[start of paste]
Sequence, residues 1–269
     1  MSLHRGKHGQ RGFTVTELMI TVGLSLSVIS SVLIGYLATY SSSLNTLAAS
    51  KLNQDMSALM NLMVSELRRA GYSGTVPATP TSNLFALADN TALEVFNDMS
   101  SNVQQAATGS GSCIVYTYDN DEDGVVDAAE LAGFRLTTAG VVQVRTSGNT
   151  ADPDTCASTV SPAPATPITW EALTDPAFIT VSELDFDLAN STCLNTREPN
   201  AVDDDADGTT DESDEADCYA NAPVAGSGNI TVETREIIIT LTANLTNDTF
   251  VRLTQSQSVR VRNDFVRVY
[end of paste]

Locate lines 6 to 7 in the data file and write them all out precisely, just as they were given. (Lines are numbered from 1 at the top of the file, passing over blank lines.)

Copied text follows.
   201  AVDDDADGTT DESDEADCYA NAPVAGSGNI TVETREIIIT LTANLTNDTF
   251  VRLTQSQSVR VRNDFVRVY